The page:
Journal Article

The judiciary and indigenous rights in Guatemala

Rachel Sieder

in International Journal of Constitutional Law

Published on behalf of The New York University School of Law

Volume 5, issue 2, pages 211-241
Published in print April 2007 | ISSN: 1474-2640
Published online April 2007 | e-ISSN: 1474-2659 | DOI: http://dx.doi.org/10.1093/icon/mom007
The judiciary and indigenous rights in Guatemala

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In Latin America, indigenous peoples constitute a marginalized group that is using the courts, increasingly, as one means by which to pursue and defend its rights. In part, this is a result of the juridification of its collective rights through processes of constitutional reform across the region during the 1980s and 1990s. It is also a consequence of the very limited advances that have been made to date in guaranteeing these rights in practice. The enlarged legal recognition of indigenous autonomy has occurred at the same time as the implementation of economic policies promoting free trade and accelerated natural resource exploitation—policies that affect indigenous communities negatively and disproportionately. This combination of factors has meant that indigenous movements more and more have called on the judiciary in defense of their collective rights, albeit often with limited tangible effects.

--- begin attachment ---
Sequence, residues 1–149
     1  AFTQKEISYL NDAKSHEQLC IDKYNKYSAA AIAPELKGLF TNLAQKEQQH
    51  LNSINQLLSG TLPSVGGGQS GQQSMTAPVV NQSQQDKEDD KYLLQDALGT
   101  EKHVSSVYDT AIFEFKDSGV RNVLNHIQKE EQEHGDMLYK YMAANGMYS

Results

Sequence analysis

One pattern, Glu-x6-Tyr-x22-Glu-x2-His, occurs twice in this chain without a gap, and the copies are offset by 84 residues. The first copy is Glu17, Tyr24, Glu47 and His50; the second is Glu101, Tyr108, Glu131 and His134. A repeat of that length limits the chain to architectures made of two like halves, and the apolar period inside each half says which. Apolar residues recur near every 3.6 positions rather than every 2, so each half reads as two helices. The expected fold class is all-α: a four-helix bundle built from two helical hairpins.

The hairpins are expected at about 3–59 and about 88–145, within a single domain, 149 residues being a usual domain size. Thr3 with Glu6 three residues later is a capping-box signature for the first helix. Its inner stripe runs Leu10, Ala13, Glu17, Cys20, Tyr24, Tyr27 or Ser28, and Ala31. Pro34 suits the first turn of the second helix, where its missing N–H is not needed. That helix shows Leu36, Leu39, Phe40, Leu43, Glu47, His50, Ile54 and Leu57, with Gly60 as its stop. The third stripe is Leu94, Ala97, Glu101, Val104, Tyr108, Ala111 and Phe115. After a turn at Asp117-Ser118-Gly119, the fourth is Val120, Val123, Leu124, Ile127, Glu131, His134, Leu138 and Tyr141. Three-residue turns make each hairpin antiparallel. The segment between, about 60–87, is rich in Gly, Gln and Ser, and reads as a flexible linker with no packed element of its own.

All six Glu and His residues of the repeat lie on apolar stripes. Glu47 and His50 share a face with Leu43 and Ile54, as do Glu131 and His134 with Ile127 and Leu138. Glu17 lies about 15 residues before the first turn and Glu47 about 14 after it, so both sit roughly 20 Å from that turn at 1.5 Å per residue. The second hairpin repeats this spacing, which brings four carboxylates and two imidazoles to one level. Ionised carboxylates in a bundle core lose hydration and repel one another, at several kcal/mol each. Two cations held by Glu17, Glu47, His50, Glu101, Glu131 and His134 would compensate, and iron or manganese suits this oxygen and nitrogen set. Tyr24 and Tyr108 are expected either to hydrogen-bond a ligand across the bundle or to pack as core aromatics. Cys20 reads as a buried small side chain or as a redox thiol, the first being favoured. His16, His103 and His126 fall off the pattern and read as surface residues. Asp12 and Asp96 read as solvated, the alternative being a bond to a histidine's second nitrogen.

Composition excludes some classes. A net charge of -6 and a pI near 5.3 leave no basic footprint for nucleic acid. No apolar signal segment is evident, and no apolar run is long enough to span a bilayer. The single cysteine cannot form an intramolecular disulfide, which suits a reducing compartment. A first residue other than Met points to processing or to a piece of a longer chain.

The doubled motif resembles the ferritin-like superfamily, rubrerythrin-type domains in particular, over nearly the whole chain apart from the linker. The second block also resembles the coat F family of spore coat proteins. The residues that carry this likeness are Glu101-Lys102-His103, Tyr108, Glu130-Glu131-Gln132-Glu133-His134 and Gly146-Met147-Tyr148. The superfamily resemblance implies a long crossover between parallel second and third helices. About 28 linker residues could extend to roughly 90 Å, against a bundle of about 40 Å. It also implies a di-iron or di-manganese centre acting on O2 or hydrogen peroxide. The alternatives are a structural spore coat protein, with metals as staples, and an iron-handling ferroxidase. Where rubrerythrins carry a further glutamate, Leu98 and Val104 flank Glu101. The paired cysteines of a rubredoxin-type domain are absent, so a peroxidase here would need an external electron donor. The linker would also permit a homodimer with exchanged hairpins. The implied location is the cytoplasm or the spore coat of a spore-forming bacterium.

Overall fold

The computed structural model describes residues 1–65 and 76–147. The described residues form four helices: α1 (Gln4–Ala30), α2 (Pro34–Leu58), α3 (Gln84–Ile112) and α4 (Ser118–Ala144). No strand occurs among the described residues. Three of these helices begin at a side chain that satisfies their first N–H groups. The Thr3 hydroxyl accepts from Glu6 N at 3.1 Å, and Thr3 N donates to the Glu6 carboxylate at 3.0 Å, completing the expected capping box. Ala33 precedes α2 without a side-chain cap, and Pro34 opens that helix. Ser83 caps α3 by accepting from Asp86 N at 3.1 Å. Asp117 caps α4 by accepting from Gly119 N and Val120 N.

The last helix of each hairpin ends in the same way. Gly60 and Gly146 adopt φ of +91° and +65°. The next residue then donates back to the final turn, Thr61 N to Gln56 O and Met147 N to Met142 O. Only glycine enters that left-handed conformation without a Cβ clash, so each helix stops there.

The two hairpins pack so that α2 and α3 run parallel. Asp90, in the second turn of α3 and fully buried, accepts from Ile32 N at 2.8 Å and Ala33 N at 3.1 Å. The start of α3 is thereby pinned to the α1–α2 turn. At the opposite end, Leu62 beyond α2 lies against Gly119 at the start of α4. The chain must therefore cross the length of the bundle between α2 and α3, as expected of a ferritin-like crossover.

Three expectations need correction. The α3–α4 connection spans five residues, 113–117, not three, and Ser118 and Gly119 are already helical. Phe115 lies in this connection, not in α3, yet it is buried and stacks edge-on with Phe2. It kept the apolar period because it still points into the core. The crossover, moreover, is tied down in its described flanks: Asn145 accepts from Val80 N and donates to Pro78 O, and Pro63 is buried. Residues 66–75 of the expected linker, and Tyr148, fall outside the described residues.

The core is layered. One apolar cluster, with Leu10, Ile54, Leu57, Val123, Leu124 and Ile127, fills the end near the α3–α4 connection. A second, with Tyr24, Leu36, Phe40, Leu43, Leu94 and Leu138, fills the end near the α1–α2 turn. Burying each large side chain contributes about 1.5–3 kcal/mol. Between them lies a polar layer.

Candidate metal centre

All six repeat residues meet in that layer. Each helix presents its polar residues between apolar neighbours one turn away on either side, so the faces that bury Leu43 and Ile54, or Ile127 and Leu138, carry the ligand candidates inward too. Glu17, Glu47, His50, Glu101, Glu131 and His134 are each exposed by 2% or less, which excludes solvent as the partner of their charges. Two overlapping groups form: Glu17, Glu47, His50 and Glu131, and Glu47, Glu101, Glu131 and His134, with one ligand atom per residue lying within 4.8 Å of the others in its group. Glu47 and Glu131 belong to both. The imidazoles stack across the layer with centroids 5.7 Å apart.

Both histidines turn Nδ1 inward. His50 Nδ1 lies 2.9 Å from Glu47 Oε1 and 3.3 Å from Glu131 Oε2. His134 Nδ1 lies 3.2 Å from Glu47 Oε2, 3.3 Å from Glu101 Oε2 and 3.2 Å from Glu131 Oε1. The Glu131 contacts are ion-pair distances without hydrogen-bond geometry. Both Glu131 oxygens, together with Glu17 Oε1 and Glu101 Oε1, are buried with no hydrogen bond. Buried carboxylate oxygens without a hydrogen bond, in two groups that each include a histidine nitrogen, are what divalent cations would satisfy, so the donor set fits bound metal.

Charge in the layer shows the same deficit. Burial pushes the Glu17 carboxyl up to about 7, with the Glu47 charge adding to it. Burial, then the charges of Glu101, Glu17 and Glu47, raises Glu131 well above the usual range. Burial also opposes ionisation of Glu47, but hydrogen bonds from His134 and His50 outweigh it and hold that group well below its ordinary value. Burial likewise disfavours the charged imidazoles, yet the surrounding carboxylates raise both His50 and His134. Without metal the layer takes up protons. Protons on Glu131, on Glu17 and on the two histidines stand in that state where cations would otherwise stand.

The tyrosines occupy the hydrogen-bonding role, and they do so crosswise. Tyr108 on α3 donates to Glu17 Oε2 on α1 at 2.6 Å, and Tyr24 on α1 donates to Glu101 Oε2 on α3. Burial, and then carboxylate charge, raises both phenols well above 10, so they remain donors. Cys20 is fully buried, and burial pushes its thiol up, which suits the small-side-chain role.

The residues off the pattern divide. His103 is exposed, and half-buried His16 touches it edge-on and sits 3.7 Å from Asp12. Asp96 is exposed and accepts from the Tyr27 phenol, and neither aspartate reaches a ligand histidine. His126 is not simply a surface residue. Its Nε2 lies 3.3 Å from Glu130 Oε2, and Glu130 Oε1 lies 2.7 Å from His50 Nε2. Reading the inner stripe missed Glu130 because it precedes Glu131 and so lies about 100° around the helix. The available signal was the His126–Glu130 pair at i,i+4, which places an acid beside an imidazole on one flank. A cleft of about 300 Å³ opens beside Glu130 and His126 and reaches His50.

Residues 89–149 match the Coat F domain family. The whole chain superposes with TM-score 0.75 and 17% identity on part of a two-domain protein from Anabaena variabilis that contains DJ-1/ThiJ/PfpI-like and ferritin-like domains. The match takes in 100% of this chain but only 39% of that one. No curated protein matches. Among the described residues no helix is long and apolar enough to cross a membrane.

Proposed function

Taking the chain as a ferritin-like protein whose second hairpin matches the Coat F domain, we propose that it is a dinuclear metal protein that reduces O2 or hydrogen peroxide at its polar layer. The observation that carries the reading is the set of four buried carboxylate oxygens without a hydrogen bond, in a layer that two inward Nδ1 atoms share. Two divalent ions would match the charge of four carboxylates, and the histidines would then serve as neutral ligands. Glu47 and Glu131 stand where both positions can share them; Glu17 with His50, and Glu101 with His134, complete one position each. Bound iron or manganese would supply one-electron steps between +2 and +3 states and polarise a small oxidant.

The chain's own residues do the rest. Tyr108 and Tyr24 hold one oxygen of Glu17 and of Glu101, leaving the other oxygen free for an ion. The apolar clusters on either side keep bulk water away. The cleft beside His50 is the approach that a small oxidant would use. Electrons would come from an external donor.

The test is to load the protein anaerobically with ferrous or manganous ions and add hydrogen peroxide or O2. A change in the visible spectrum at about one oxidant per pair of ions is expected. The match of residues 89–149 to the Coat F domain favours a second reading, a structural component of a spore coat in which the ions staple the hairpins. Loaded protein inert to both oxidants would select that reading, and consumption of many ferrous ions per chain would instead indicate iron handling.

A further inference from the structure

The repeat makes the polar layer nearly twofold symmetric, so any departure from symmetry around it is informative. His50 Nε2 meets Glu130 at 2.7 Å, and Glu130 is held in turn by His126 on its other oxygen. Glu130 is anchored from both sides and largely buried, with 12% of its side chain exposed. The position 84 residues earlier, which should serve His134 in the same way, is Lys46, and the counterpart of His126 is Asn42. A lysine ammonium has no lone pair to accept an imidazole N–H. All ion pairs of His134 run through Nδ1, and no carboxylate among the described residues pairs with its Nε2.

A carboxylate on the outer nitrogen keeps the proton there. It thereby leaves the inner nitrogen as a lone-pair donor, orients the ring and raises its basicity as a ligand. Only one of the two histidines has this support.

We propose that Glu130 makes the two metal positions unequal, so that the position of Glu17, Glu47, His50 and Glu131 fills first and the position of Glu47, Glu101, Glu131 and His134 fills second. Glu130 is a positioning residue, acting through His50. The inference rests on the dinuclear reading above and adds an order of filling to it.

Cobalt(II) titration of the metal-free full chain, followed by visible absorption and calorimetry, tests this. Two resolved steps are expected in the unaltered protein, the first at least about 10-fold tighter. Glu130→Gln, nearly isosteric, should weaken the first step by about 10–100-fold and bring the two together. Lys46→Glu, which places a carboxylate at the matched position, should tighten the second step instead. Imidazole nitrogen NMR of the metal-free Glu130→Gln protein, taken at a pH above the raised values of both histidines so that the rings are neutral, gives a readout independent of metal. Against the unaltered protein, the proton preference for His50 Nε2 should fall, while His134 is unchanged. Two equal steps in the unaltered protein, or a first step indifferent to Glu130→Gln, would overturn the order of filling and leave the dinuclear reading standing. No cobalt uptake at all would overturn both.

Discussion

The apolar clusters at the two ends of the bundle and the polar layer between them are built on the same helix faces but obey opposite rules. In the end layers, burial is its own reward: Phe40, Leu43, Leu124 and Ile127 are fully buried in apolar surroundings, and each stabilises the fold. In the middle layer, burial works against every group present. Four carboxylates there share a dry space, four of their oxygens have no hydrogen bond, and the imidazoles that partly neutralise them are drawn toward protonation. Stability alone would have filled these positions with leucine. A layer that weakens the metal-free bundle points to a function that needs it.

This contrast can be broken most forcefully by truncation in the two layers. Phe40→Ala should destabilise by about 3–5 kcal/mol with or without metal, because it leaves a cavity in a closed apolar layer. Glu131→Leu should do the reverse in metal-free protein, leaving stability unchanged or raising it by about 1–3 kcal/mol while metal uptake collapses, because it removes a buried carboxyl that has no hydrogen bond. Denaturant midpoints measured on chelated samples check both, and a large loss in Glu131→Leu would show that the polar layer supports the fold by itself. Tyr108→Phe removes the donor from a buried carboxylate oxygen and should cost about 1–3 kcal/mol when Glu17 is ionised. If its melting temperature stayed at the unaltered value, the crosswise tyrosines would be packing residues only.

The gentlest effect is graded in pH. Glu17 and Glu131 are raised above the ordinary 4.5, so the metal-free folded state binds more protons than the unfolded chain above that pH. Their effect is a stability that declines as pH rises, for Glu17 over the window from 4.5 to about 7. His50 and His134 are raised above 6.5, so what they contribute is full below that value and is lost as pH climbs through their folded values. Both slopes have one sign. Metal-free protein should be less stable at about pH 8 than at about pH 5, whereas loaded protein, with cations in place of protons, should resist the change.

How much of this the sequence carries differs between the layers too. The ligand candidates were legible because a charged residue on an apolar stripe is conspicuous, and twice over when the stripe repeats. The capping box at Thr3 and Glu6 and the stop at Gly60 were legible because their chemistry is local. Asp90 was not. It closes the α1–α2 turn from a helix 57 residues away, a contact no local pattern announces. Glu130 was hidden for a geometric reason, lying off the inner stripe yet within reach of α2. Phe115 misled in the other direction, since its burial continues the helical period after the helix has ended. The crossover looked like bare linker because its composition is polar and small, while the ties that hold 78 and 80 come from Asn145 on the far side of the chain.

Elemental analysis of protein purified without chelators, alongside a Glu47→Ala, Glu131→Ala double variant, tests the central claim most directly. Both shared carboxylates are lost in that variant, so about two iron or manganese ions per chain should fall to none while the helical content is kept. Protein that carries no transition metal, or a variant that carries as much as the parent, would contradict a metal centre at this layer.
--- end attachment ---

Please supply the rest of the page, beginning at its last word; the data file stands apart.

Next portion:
Journal Article.  14700 words. 

Subjects: Constitutional and Administrative Law ; UK Politics

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